Reductions in end strength for the Army and Marine Corps beginning in 2015 will be conditions-based, and can be tailored if required when the time comes to implement them, defense leaders told Congress on Wednesday.
Defense Secretary Robert M. Gates and Navy Adm. Mike Mullen, chairman of the Joint Chiefs of Staff, told the House Armed Services Committee they support plans to reduce ground forces end strength. The plan factors in the drawdown of all U.S. forces in Iraq by the year’s end, and a reduction of forces in Afghanistan, Gates told the panel.
“A big assumption in this is that we have a very much smaller presence in Afghanistan at the end of 2014 than we do now,” he said. “And I think you will know as early as the end of 2012 [or] beginning of 2013 whether that is going to happen.”
Gates and Mullen said the plan also supports continuing efforts to increase “dwell time” at home stations between deployments.
The Marine Corps leadership fully supports reducing the Corps’ end strength when it completes operations in Afghanistan, Gates said. Both Marine Corps Commandant Gen. James F. Amos and his predecessor, retired Gen. James T. Conway, believe the current Marine Corps is “both too large and too heavy to fulfill its traditional missions going forward,” the secretary said.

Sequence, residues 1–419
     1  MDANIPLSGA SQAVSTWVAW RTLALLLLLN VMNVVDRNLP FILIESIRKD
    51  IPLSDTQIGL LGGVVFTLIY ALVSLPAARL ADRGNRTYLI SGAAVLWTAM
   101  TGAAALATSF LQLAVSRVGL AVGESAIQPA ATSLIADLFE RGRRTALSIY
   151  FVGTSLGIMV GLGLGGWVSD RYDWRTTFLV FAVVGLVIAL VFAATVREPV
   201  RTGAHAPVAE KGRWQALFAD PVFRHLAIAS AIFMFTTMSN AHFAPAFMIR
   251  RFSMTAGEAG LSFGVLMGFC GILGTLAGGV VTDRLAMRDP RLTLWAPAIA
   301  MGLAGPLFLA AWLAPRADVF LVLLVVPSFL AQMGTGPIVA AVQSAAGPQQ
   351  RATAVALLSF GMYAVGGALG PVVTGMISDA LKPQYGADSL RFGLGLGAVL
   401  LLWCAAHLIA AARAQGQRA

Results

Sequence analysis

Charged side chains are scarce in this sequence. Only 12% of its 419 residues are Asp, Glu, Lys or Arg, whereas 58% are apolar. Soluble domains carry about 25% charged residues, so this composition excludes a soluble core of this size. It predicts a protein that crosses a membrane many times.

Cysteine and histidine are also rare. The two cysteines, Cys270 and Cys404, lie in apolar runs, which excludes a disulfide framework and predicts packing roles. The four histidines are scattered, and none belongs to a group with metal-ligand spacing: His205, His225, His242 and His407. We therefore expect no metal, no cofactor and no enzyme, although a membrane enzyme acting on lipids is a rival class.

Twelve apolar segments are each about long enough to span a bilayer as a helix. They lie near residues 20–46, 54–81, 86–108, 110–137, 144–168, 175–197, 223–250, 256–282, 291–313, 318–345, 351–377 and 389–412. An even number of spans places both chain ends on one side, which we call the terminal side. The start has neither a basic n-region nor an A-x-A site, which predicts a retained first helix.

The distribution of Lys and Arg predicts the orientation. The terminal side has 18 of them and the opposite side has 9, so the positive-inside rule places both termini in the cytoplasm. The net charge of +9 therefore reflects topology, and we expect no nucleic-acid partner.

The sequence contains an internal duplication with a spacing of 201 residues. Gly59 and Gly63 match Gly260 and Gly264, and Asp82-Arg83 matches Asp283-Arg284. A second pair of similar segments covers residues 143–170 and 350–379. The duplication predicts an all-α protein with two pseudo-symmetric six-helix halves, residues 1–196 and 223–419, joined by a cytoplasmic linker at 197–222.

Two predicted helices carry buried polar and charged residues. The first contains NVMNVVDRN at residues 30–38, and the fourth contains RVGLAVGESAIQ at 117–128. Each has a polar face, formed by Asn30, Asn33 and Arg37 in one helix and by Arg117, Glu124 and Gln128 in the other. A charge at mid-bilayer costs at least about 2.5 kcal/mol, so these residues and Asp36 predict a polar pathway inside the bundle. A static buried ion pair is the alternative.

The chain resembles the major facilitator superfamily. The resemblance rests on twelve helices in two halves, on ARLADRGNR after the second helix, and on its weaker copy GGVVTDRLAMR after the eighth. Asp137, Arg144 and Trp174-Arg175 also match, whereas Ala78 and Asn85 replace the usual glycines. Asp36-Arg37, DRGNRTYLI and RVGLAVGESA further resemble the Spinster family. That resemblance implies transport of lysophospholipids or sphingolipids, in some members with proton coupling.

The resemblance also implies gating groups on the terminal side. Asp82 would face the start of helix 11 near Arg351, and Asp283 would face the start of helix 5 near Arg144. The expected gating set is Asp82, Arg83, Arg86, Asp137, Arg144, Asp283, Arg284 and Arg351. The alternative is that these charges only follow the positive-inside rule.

“They are the nation’s second land force, which is not what they want to be,” Mullen said. “And they have got to get back to some degree, as we move ahead, to their roots, which are lighter and smaller.”
Though it’s still unclear exactly how many combat brigades the Army will require, Mullen said, plans generally call for between six and 10.
“The Army has become much more expeditionary and that is where we are headed,” Mullen said. “And I am very comfortable with that.”
He said he’s also comfortable that end-strength decisions aren’t locked in stone. The service chiefs will have ample opportunity to change their recommendations if the conditions warrant it, he said.
But at a time when the military is seeking efficiencies and the most effective use of every defense dollar, the chairman said, personnel costs have to be addressed. The service chiefs report that when factoring in military, civilian and direct-support contractors, personnel costs represent 60 to 70 percent of their budgets, he noted.
“We are on our way to becoming almost immobilized by just what it costs in terms of our people,” Mullen told the committee.